Fig: ZAP authentication menu on the context section
Fig: Technology menu on the context section
Fig: Users menu on the context section

Create a ZAP Scan policy

In order to scan efficiently, we will tweak the scan profile. For example, we only want to do injection test and also we know that the database is MySQL and hence would like to test MySQL related SQL injection payloads only. This will increase the performance of the scan significantly and help with false positives.

Fig: Scan policy

ZAP custom script for authentication and proxy

ZAP provides authentication mechanism for basic use cases, for example: form based authentication, etc. But authentication is not one size fits all. Everyone tries to do it differently. For example in this Hackazon API case, you need to do basic authentication, obtain a token and pass this token on your request header on each request to access the authenticated resource. Hence we need to go through this painful process of writing custom authentication and httpsender scripts.

The authentication script will be tied with the context defined earlier. For example: you can pass authentication url, target urls, username or password field, etc from the context menu. For our case, we just need the authentication url.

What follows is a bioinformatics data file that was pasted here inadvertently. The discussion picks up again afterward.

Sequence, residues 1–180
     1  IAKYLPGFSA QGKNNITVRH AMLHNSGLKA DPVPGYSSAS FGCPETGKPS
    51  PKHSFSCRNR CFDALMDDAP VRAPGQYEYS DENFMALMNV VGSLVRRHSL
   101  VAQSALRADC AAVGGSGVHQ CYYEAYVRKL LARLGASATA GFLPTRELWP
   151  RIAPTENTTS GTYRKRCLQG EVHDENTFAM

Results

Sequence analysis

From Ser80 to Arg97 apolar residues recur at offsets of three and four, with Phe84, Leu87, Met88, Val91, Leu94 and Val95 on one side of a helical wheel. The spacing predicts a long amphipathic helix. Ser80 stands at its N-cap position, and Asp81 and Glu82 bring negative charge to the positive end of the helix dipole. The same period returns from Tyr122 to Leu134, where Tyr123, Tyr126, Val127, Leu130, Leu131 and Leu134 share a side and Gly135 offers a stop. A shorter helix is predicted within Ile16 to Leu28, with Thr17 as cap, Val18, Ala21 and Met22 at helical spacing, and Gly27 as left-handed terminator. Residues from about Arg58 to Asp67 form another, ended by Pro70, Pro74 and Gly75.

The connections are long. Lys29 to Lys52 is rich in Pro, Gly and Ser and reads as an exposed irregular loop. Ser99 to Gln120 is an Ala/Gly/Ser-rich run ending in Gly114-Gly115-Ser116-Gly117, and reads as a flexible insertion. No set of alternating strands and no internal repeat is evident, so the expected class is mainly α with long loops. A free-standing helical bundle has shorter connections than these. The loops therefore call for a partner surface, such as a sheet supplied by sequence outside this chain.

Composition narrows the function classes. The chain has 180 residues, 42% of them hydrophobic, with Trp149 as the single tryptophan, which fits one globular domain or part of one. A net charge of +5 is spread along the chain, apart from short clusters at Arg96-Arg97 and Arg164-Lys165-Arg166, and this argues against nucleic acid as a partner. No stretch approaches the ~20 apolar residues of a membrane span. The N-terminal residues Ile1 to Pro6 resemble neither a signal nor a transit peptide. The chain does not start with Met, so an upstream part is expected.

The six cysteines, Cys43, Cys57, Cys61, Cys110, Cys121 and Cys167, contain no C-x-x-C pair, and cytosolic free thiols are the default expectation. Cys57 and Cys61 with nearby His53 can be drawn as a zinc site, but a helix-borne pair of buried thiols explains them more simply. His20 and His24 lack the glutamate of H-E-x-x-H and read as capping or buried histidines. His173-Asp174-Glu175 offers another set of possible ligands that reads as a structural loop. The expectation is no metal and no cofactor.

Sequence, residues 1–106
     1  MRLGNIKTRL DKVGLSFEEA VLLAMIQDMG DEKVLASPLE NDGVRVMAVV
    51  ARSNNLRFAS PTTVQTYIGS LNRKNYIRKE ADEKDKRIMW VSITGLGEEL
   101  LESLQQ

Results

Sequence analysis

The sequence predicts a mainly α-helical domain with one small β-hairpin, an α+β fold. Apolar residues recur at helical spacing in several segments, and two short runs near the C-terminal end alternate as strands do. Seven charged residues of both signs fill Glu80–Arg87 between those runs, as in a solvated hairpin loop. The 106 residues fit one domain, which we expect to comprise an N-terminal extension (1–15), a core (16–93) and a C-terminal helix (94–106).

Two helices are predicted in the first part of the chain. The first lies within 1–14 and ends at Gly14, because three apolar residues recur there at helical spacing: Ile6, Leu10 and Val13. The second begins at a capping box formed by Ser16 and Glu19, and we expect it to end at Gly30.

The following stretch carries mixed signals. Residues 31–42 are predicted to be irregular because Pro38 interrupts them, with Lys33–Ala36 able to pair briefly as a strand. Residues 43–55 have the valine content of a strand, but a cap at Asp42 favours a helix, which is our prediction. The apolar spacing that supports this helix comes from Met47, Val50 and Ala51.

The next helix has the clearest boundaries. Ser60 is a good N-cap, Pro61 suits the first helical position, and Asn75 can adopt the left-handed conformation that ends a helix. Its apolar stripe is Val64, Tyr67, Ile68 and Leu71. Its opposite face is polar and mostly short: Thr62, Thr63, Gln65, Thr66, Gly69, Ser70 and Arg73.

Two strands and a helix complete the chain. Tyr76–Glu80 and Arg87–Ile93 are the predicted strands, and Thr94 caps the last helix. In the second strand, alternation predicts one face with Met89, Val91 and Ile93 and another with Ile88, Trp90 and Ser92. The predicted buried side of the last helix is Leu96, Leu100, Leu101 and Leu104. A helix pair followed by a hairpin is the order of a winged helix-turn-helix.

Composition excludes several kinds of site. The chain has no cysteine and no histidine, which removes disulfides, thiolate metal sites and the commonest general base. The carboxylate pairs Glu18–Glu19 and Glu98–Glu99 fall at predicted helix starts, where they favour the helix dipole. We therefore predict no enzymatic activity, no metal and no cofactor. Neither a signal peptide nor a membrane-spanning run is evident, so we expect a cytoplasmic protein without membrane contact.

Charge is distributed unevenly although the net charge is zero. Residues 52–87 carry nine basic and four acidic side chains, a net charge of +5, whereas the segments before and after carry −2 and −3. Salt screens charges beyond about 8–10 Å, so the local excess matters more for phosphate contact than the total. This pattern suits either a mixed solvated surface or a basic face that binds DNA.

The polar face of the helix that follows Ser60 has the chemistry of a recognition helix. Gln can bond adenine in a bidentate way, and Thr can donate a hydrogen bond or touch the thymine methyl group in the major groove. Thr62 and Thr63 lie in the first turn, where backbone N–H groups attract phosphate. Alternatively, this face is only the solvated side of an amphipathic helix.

N.B: You need to download Python engine from ZAP Marketplace to write python scripts it’s not included by default.

Similarly user credentials, api keys,etc can be passed to the script from users menu on the context screen.

This credentials can be obtained from the authentication scripts as shown below.

def getCredentialsParamsNames():

return jarray.array([“Username”, “Password”], java.lang.String);

username = quote(credentials.getParam(“Username”)).encode(‘utf-8’);

password = quote(credentials.getParam(“Password”)).encode(‘utf-8’);

Finally after you finish writing the authentication script it should look like below.

Fig: Authentication script

Authentication script does the first part which obtains the token. Now we need to use this token for each subsequent requests. Hence we use a global variable (hackazon_token) and pass this variable to http_sender script which intercepts all requests (including from Active scan, Spidering, etc) and add this token to those requests.

Fig: http_sender script

Automated testing using python script:

I included a python script which can automate the entire scanning process. I wont go through this as the script is pretty self explanatory.

Once the scan is completed you will see the following results:

ZAP output
HTML output

You can also include this scan in your CI pipeline. Unfortunately, the Official ZAP Jenkins plugin was giving me issues with the httpsender script. The httpsender script on the jenkins setup doesn't seem to change request headers as it does on the UI or python script.

I hope you found this tutorial useful. Few claps never hurt anybody 😊 <script>action(“clap”)</script>

Feel free to provide any comment or feedback.

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Tanvir Ahmed

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Cyber mercenary | Sydney |



The Must-Read Publication for Aspiring Developers & DevOps Enthusiasts. Medium’s largest DevOps publication.